Google tries to fix crappy webcam quality with artificial intelligence

Chances are you’ve spent most of the past two-plus years sitting at home, looping through endless virtual meetings, staring at your laptop’s webcam and speaking into your built-in microphone.

That means for the past two-plus years, you’ve been in front of other people like a bunch of poorly lit pixels that sounded like you were yelling in a tin can. Of course, it’s not your fault: your laptop’s webcam just sucks, and so is its microphone. But Google thinks it can solve both problems with artificial intelligence.

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Google announced Wednesday at its annual I/O developer conference that its Workspaces team has been working on some artificial intelligence-driven ways to improve your virtual meetings. The most impressive is “Portrait Fix,” which Google says can automatically improve and sharpen your images, even with a poor connection or a bad camera.

Likewise, Portrait Lighting gives you a suite of AI-based controls to control how you light up. Since you can’t move a window to your left, Google seems to be saying, but you can make Google Meet appear as if you also have one on your right. When it comes to sound, Google has introduced a de-reverberation tool designed to minimize the echoes that come from talking into your laptop in a cramped home office.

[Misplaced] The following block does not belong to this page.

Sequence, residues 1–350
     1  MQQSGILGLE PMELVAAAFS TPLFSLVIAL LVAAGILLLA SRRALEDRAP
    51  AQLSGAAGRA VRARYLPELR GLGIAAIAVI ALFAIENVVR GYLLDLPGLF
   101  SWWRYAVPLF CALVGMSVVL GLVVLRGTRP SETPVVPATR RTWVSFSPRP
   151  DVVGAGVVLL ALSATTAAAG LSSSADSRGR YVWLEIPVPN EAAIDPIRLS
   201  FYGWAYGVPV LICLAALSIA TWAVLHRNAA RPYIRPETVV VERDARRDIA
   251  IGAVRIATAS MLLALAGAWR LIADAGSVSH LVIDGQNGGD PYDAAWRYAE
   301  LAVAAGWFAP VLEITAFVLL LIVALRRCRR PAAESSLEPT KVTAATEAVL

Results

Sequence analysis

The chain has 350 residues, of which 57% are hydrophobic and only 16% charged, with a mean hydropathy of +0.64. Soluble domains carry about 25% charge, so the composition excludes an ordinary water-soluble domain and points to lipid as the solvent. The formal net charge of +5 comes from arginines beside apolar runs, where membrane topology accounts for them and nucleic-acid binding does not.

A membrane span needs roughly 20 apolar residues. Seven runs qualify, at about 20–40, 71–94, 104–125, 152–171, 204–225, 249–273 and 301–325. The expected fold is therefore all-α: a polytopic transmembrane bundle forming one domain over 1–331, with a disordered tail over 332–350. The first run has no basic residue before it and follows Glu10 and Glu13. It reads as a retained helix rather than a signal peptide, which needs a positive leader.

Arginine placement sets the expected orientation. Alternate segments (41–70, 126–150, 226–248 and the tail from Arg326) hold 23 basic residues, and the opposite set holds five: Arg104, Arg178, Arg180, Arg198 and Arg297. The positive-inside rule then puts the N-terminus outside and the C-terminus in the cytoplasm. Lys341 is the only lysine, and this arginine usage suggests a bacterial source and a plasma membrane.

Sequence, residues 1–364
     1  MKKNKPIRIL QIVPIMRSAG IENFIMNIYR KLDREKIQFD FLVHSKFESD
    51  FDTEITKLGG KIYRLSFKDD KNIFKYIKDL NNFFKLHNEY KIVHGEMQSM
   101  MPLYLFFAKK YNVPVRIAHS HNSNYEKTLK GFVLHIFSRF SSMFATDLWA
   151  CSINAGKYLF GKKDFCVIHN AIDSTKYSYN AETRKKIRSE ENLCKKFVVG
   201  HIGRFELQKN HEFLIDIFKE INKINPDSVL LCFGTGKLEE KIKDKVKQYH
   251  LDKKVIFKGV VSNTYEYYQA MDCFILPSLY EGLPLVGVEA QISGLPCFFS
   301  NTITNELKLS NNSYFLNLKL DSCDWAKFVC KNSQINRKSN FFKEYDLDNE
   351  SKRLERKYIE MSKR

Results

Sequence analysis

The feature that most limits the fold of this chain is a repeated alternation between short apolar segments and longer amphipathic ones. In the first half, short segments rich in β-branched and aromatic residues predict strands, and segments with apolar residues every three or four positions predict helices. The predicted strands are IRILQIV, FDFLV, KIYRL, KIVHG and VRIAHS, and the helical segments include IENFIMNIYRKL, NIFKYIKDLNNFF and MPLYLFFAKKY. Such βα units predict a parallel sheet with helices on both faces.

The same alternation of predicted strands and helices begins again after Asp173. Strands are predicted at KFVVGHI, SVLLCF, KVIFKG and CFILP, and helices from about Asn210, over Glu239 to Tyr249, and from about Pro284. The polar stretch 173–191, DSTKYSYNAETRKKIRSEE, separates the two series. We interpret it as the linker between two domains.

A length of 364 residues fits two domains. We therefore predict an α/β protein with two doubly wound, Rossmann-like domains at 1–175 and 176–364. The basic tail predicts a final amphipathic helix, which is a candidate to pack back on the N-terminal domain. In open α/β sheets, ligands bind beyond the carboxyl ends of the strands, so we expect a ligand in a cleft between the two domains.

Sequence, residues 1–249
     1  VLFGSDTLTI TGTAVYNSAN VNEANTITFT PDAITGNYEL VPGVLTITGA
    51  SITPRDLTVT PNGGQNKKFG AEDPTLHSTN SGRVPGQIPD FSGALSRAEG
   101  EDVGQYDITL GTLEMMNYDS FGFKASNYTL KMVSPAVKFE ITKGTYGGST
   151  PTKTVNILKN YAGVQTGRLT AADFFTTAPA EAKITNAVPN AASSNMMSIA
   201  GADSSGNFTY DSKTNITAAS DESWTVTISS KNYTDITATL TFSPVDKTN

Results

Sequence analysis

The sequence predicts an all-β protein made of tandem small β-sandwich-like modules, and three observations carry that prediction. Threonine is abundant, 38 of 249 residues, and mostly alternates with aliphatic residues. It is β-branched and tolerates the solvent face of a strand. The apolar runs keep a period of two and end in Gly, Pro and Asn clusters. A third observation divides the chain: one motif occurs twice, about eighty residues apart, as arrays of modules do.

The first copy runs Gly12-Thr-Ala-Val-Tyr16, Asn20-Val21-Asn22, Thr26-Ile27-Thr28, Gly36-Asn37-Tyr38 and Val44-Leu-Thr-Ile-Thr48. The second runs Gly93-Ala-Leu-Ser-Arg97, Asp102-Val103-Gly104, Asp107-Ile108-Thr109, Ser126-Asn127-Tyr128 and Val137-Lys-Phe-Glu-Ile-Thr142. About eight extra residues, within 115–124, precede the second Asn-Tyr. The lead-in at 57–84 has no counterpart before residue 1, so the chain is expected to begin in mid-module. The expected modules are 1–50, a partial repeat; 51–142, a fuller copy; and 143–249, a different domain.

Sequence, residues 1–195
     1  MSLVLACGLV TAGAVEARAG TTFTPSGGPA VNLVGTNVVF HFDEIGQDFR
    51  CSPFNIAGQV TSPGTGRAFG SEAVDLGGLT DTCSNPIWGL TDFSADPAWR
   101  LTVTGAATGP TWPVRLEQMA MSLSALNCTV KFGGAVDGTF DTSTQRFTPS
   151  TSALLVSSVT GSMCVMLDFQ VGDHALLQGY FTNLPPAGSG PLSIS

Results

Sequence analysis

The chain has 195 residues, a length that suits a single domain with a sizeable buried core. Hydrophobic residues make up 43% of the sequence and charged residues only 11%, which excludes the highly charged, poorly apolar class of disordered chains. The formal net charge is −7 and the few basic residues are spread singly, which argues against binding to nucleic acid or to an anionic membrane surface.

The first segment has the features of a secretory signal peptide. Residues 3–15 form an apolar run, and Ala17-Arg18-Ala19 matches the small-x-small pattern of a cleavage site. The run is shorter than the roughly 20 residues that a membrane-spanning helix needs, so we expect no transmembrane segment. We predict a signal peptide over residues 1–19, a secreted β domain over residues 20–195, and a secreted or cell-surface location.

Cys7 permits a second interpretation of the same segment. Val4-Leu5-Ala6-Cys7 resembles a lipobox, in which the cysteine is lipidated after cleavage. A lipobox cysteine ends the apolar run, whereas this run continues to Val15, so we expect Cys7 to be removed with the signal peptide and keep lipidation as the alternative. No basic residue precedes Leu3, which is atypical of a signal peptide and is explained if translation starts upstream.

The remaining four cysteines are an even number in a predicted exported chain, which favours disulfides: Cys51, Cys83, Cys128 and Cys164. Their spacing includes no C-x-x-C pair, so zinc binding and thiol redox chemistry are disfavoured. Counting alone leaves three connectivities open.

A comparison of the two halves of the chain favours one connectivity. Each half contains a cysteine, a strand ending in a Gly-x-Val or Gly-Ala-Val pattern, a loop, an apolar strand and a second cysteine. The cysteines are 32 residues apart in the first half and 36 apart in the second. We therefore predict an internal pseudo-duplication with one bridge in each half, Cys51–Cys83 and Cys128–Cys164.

A lot of the underlying technology here comes from the artificial intelligence and machine learning work Google does on its Pixel phones. The hardware in these phones is much better than your average laptop webcam, but the principle is the same, says Prasad Seti, the company’s vice president of digital work experience. “We want to make sure the underlying software does the same thing, and we can use it on a wide range of hardware devices,” he said.

With the growth of hybrid and remote work, the Google Workspace team has spent the past few years thinking about how to make work a little easier, Setty said. “We want technology to be an enabler, we want it to be helpful, we want it to be intuitive, we want it to solve real problems.” This pushed the Workspace team to think more about collaboration — hence the Meeting tools — but also think about how to make asynchronous work more acceptable.

Google plans to roll out a new tool that generates automated summaries of Spaces activity, so you can log in in the morning and catch up without having to read hundreds of messages. It has also launched an automated transcription service for Meet meetings and plans to eventually wrap up those meetings as well.

“We want to be able to help people deal with this information overload and use artificial intelligence to do that,” Setty said. Google has thought a lot about ‘collaborative fairness’ and ‘representative fairness’ to try to help everyone maintain a level playing field environment, no matter where they are, what technology they use, or how they work.

One of Google’s tricks is to help people without being overly involved or making employees feel like they’re being watched by Google or their employer. We think about the problem The way is, we start by empowering users. Then let them like choose how to expose that information to their teams, etc.”

As people return to the office, Google faces an even bigger meeting challenge: Solving the problem of hybrid meetings, with some people in a room and others on a single screen. This will require more improvements than good lighting and noise cancellation properties.

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